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Sunday, 3 June 2012

Yyvaskyla: Day Two and Three: Liminality

Settled in the hotel and a brief review of what, for want of a better word, we will call my budget, makes it apparent that I cannot afford to both get drunk and eat. More accurately, a brief review of restaurant prices and a quick trip downtown on the first night makes it apparent that I can afford neither to drink beer nor to eat. As I wander round town on the first day, scoping the place out, I keep an eye out for solutions other than the various fast food joints that litter the shopping area, and when I  stumble across a supermarket I think I have the problem solved. It looks really cheap and everyone in the place looks slightly more miserable than the average resident  of Finland I have seen so far. Rows of dull fluorescent lighting, only half of it working, illuminate the place and its simply called "Supermarket", so I head in.

Working out what food you can have in a hotel room has always presented a number of problems. The first of these is that with no kitchen, the food is permanently available and close at hand. Through previous experience I know that this can lead to you eating everything you buy within half an hour of getting back to your room, forcing the choice of whether to go back out again to buy more Pringles or not. The second problem is smell and the way it clings to hotel rooms which means that if you buy food that is too aromatic (I remember the infamous onion bhaji incident when a hotel in London wanted to charge me for extra cleaning) you can end up living in a room that smells like a deli counter. So the ideal is to go with neutral odour but, in view of the first issue, food that's very bulky and filling. These considerations in mind, I limit the quantity of Pringles to two boxes and buy a 1kg tub of potato salad. As I approach the counter I realise I have nothing to eat the salad with, so I jump out of the queue and take another circuit round the shop to see of I can find some utensils.

After two laps, I'm unsuccessful until I spot a store assistant desultorily packing shelves. I walk up to her, smiling brightly, and say "Hei" (which is Finnish for 'Hi'). She looks at me warily. I cup my hands in front of me about eight inches apart and say "Fork! Please". The wariness turns to puzzlement-anger (a complex emotion most often seen on people's faces when dealing with bureacrats). I realize my mistake, drop my plastic shopping box, grab the potato salad, shake it in her face and mime eating, then point to my right hand which is making little scooping motions. The lady nods gravely, says in perfect English "Come with me" and I follow her to an area of the store (which I had previously eschewed on the basis of 'unlikely to be there') that features massive displays of barbeques with every item you would ever need for a barbeque plainly on display. Especially forks. A little bit more embarrassed than normal, I grab a catering pack of 150 plastic forks, head for the tills, pay and leave. The rest of the day is spent trying to each a kilogram of potato salad and writing a professional application for RHB, although I have no shortage of forks with which to eat.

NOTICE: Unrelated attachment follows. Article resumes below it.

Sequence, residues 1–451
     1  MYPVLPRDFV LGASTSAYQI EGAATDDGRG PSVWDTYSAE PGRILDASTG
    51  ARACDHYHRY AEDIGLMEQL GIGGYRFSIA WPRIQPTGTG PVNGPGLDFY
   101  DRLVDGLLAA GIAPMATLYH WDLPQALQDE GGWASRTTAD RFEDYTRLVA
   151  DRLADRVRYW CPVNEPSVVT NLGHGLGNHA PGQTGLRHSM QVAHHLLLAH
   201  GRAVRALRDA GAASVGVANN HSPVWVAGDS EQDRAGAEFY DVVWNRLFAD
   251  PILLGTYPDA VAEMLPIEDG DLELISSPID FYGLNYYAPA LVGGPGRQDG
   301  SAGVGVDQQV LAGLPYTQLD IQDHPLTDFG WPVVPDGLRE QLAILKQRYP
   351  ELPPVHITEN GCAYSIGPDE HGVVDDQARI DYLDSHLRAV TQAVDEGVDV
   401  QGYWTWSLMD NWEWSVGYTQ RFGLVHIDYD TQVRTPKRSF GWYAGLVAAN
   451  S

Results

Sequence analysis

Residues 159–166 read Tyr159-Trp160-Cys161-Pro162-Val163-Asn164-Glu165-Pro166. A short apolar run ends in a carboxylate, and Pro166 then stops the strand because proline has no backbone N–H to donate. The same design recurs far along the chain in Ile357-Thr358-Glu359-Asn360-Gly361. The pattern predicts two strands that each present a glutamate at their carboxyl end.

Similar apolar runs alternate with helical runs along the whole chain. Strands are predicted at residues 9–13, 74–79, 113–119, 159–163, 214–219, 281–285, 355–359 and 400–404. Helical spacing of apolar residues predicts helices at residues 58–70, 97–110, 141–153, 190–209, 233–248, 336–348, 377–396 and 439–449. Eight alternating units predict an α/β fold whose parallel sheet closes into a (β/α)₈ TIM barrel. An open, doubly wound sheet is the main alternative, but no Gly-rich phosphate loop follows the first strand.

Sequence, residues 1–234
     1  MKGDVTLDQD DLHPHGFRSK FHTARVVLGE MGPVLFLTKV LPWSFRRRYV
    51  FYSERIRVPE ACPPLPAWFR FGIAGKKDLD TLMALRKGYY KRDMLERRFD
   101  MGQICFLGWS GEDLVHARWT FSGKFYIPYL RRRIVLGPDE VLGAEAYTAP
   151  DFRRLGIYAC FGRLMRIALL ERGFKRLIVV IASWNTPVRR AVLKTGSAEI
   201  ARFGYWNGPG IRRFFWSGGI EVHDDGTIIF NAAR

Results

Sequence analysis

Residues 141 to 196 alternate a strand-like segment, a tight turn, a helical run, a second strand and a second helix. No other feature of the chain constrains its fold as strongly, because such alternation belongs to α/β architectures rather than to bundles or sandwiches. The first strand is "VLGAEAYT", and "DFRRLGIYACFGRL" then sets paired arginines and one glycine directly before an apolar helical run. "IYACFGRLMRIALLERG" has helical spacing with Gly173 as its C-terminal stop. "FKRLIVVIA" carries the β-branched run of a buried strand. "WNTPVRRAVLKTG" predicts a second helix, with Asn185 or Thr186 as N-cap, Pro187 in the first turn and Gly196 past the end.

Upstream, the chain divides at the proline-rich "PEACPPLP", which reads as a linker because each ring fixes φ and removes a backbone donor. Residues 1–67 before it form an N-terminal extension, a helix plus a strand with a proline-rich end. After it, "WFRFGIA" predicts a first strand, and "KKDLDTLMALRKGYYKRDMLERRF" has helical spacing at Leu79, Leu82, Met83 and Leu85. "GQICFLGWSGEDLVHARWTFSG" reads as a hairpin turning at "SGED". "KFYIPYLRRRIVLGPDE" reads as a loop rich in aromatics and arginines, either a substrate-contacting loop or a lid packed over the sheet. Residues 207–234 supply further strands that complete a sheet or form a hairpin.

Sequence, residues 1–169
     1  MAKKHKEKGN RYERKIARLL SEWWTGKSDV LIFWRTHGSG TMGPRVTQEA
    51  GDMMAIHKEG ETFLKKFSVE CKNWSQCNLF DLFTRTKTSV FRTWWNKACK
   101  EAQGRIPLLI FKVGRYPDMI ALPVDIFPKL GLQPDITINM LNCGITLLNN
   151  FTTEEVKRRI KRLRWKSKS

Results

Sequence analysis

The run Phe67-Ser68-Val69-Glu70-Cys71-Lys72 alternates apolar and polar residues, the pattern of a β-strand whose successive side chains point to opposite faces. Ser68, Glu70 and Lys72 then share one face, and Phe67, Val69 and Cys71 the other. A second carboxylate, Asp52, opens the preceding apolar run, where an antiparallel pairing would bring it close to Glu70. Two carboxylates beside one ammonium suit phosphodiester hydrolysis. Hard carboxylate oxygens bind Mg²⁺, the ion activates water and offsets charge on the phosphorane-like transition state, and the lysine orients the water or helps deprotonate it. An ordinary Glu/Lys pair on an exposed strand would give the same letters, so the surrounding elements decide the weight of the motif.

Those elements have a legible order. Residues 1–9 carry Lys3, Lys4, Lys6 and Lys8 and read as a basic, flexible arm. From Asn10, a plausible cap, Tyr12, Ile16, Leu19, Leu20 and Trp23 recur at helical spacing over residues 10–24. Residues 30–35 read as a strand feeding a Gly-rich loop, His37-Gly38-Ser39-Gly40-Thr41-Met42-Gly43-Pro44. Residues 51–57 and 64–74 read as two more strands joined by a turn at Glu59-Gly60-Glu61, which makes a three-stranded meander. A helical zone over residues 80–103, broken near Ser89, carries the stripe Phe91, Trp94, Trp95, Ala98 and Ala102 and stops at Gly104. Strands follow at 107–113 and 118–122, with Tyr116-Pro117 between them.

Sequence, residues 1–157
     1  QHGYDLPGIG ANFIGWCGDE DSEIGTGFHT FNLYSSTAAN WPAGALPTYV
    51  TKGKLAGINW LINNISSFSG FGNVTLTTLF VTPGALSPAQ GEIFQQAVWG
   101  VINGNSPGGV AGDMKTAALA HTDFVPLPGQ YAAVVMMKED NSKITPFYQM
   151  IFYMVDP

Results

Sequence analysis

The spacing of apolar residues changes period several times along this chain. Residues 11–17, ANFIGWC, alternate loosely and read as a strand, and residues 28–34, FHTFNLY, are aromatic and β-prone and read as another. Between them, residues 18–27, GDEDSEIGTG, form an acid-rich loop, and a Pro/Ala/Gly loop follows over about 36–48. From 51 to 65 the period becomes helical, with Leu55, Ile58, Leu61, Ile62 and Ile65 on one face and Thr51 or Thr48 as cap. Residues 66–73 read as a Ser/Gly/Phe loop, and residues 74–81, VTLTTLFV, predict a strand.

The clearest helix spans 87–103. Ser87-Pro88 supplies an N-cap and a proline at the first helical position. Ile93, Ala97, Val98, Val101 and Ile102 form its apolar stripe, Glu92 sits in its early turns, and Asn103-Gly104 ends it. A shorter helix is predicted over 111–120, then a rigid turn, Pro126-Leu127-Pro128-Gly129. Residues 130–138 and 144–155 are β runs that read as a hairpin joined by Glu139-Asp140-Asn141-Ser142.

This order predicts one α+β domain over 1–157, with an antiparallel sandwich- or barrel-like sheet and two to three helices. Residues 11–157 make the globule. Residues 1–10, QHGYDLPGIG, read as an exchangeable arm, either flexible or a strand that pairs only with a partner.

The next day, I determine to learn from my mistakes, so I ask everyone I meet whether they speak English and how to say "Please' and "Thankyou". Thank you is easy enough ('keetos') but, as one informant tells me, Finnish people have a complicated relationship with "Please". Actually, its not that complicated, they dont say please.
 "We dont really have a word for it" says Saara, my principle informant, "I think its because we dont need it. I think they only say it in countries where they need to pretend they mean "please'  because every is so rude otherwise. I've lived in Italy and they say 'Please, please,please,please, please' all the time when what they really mean is 'gimme!'
 "Ok" I say "Well 'keetos' for telling me that" I joke "Keetos very much!". She laughs not.